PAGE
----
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The enormity of the 10-year gap between federal spending and revenues

The Republican dilemma is more serious than they dare acknowledge, so is the Democrats’.

Writing for the New Republic, William Galston provides a helpful but incredibly depressing look at the 10-year projections for taxes, spending and debt. He frames it as an illustration of the problem Republicans face as they try to rebrand their party for future marking purposes. And it works. But I hope he or someone soon will do a similar analysis of the implications of these numbers liberal deficit hawks as well.

If all goes according to the Congressional Budget Office 10-year projection, the deficit in fiscal year 2023 will be a mere $978 billion. (We once thought that was a big number.) The current meaning of life for Republicans is to lay out a 10-year plan that leads to a balanced budget without any further tax increases. If you had 10-years to phase in $978 billion in savings, you might be able to do it without the proverbial throwing-grandma-off-a-cliff. I don’t know.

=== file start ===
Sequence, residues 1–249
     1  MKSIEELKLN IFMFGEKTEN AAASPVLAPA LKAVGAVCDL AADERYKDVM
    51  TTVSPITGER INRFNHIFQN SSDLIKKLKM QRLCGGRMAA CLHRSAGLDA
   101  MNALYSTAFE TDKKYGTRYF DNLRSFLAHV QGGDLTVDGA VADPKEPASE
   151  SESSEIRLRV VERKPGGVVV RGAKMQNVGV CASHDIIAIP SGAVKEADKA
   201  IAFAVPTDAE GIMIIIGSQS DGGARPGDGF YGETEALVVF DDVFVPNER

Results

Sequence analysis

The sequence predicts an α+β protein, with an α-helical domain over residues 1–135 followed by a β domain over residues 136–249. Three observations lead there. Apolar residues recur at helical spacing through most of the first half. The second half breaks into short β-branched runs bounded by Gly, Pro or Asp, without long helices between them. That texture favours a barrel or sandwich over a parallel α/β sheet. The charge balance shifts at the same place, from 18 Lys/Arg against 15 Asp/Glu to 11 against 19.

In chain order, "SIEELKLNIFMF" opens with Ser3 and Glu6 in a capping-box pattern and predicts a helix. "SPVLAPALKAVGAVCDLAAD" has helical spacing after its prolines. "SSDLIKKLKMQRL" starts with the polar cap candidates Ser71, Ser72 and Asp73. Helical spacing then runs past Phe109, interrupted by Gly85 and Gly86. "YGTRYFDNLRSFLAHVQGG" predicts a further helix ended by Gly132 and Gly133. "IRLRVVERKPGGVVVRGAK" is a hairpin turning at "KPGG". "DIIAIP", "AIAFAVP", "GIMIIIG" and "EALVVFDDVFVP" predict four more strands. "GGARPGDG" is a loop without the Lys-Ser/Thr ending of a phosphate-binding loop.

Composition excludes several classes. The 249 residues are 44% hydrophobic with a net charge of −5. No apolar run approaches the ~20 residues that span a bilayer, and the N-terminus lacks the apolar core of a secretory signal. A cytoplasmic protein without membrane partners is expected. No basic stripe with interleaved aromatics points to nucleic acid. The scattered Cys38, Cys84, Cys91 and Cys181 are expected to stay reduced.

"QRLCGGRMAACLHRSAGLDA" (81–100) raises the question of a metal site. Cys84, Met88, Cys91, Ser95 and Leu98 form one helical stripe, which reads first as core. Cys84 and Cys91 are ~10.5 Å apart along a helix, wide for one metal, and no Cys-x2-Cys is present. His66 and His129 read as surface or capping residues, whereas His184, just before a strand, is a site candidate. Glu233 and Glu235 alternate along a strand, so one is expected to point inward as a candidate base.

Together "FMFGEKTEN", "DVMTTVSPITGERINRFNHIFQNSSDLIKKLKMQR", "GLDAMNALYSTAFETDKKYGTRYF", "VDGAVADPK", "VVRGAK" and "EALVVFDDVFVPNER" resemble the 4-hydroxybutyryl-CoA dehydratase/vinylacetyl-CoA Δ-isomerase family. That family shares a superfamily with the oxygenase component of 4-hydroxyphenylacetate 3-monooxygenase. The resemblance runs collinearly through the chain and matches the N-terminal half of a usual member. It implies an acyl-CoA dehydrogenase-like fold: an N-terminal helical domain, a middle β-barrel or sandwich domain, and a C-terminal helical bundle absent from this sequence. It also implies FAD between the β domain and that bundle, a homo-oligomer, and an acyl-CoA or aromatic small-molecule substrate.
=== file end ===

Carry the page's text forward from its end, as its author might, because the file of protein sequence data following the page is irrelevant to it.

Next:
But as Galston points out, CBO is required to base its projections on “current law.” Current law includes a great many things that aren’t going to happen. Of the things that are scheduled to happen under current, Galston writes:

“Three are crucial: the budget cuts determined by sequestration will go into effect and remain in place for ten years; the reimbursement rate for Medicare providers will be allowed to fall steeply for nine years, starting on October 1; and the many temporary tax provisions extended for a year under the fiscal cliff agreement will be allowed to expire en masse at the end of the current fiscal year. If these three things don’t happen, the cumulative ten-year deficit would rise by more than $2.5 trillion, and the deficit in 2023 would be $1.307 trillion—about $300 billion more than under the baseline.”

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Galston argues that any mathematically-credible plan to balance the budget 10 years out without raising taxes would contain cuts that would utterly demolish the hoped-for Republican rebranding.

Galston doesn’t do a Democratic version of the plan that would deal with this scary future. Maybe Pres. Obama will lay it out tonight in his State of the Union. But don’t count on it.